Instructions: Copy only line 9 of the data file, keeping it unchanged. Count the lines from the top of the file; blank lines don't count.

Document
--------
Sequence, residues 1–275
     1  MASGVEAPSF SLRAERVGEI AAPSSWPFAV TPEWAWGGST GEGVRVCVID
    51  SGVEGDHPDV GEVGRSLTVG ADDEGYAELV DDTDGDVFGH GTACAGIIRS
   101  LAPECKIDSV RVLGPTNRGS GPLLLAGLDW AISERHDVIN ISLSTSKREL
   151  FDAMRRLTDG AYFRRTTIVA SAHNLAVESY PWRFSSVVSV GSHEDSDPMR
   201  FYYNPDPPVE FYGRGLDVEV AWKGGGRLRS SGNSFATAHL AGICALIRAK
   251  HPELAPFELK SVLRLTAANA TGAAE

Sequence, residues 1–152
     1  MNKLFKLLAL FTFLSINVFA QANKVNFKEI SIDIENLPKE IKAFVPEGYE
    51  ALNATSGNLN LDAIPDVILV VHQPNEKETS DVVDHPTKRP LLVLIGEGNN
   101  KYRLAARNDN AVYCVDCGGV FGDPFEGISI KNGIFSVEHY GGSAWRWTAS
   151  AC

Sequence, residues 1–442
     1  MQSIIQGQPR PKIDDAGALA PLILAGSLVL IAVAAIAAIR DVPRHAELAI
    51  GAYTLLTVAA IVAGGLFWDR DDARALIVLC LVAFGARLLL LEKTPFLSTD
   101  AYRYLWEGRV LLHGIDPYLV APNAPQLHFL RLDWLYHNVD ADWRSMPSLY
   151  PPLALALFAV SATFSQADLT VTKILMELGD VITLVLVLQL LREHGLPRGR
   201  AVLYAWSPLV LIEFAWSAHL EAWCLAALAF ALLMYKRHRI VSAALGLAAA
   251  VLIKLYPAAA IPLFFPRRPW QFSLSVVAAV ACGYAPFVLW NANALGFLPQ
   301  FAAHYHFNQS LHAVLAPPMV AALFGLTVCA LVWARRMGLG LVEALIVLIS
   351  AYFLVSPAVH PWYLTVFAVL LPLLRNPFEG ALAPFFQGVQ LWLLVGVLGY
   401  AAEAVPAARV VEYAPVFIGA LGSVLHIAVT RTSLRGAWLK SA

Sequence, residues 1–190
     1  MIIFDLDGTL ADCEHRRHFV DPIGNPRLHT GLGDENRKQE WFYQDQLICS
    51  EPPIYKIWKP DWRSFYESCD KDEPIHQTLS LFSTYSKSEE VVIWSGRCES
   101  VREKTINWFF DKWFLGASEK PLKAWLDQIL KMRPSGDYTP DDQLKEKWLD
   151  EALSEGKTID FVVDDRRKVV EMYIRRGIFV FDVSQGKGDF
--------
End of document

     1  MNKLFKLLAL FTFLSINVFA QANKVNFKEI SIDIENLPKE IKAFVPEGYE